Dr. Who and the Daleks

I can vividly remember my introduction to Doctor Who.  I was in about 3rd or 4th grade and was spending a Friday night sleeping over at the home of a friend we called Than (short for Nathaniel).  His family lived in a big old house which always intrigued me.  His parents were music teachers, so the bottom level of the house was devoted to practice rooms…the living quarters began on the 2nd floor.  I thought it strange that the kitchen was upstairs!  Anyway, there were several friends at the sleepover that night…I don’t remember what all we did, but I do know that Than informed us that we needed to stop whatever we were doing by 10:00, which was when Doctor Who would be on channel 11, our local PBS station.I admit, I couldn’t really follow things that first time.  It was a middle episode of a story, so I was completely lost, but the show intrigued me.  Eventually I learned that Doctor Who fandom was not exactly something that made you popular at school.  Of course now, the actors playing The Doctor have legions of female fans who gaze over their pictures the way girls dreamed about Chachi in my day. Very different from the gangly guy with the tripping hazard scarf I saw at that sleepover.

There have been 11 Doctors in the almost 50 year history of the TV series, but there was another that is largely forgotten today.  In 1965, Peter Cushing played Doctor Who (not “The Doctor”) in the first of two big screen, colour, adventures, Dr. Who and the Daleks.  Since this stuff is British I inserted the “U” into “color.”  Long live the Queen.

The film follows Dr. Who along with his two granddaughters, adult Barbara (Jennie Linden) and child Susan (Roberta Dovey) as they try out the Doctor’s latest invention, a time and space travel device known as TARDIS.  Just like on the series, the TARDIS  has the look of a blue police box and is much bigger on the inside.  They are joined by Ian  (Roy Castle) who was to be Barbara’s date for the evening, but stumbles into an adventure on another planet.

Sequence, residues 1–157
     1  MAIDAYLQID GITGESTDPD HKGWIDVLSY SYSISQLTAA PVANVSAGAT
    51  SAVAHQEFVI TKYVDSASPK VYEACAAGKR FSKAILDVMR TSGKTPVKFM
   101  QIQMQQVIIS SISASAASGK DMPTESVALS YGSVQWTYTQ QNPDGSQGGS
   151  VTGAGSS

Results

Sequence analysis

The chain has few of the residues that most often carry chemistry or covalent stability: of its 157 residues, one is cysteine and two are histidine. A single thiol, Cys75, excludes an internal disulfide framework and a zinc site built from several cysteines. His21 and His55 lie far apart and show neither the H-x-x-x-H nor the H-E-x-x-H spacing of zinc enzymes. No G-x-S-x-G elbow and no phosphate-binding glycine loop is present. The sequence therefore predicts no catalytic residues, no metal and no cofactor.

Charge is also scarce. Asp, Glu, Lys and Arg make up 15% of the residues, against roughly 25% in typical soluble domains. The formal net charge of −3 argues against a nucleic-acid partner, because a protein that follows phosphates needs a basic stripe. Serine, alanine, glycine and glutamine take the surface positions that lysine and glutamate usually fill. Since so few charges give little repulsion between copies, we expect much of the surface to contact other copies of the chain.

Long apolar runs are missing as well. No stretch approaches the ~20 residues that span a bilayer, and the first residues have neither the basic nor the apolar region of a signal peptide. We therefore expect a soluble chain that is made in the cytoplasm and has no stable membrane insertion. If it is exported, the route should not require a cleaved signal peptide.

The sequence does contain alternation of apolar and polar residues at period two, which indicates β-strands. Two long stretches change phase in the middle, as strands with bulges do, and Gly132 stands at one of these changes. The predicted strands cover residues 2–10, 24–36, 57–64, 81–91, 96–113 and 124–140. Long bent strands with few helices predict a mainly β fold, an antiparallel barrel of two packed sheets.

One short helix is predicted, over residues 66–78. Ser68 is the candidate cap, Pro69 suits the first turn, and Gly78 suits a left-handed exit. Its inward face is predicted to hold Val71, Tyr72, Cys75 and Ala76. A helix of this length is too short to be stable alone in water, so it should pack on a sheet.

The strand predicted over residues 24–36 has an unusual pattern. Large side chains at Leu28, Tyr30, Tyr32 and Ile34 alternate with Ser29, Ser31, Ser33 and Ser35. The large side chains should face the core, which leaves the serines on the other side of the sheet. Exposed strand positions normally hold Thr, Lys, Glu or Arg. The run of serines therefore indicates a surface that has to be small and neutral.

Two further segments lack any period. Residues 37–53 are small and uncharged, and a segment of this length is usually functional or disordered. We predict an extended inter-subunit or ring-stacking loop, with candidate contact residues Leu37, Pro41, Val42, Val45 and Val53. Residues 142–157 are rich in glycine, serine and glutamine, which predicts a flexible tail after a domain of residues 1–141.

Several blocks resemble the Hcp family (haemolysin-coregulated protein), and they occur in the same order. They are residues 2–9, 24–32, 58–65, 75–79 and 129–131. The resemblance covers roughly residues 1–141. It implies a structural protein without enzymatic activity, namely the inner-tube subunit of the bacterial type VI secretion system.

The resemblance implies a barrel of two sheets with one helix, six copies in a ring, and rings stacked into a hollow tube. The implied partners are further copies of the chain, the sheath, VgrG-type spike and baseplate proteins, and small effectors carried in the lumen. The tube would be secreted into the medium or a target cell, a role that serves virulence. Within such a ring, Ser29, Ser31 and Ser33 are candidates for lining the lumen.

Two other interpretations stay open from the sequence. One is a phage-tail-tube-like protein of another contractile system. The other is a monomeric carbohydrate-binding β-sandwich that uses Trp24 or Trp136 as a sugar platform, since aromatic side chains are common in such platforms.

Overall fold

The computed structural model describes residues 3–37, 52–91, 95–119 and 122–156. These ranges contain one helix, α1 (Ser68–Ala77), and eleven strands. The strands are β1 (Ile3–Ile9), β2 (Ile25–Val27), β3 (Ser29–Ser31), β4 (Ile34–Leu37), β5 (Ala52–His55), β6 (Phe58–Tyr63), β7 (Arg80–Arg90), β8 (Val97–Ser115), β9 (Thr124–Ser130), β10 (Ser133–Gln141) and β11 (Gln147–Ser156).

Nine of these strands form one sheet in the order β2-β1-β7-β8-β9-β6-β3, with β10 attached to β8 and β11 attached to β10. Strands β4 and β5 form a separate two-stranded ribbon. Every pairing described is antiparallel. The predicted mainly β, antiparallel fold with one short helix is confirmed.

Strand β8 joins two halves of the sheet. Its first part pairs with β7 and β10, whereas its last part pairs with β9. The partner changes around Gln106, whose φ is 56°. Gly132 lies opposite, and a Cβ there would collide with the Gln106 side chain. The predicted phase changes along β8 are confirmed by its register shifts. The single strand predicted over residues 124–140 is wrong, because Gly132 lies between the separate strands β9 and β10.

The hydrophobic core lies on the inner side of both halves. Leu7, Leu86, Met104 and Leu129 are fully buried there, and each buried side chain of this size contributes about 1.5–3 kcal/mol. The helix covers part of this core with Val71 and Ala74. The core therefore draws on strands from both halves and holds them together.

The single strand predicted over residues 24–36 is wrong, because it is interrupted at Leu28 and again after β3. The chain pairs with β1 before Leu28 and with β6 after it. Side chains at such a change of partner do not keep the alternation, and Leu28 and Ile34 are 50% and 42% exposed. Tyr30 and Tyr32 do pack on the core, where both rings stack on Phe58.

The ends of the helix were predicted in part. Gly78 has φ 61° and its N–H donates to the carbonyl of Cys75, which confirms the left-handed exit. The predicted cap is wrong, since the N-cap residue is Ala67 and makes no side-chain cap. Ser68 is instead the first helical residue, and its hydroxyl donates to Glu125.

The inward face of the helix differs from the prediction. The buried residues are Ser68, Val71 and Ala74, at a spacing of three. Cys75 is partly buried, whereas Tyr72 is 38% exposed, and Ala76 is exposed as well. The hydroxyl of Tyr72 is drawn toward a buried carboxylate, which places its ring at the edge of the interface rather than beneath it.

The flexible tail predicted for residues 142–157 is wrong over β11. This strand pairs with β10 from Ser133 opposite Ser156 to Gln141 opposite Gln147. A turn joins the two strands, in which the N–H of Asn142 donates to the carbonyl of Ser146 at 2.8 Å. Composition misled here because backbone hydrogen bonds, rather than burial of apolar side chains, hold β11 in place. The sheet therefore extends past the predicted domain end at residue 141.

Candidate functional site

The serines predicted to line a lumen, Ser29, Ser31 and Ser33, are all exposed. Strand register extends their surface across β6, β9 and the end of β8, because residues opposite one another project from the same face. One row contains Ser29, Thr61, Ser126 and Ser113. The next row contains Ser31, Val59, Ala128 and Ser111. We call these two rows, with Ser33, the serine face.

They end up on the planet Skaro where they encounter two very different races…the peaceful lovers of bright blue eyeshadow, the Thals, and the warlike Daleks.  The Daleks are mutants who live inside mechanical bodies that resemble garbage cans with toilet plungers for arms.  Due to a past war, the planet is highly radioactive.  The Daleks cannot survive outside of their city, however the Thal have come up with an vaccine that has cured them of radiation poisoning and allows them to roam free.  When the Daleks capture the four curious earthlings, they take the opportunity to use them to try to get the vaccine from the Thals, who they will then destroy…or to use the correct Dalek term “EXTERMINATE!”

This probably all sounds pretty familiar to Doctor Who fans as it is simply a retelling of the original story from the Doctor Who series called “The Daleks,” which featured the 1st Doctor, William Hartnell. There have been some changes…on the series the main character is an alien Time Lord who goes by the name of “The Doctor,” here he is a brilliant but somewhat absent-minded earthling named Dr. Who.  Only Susan is The Doctor’s granddaughter on the series and is an adult, not a child.  The character of Ian is much different in this version as well, often being used as comic relief.  There are other changes here and there, but ultimately this is a remake of the TV version.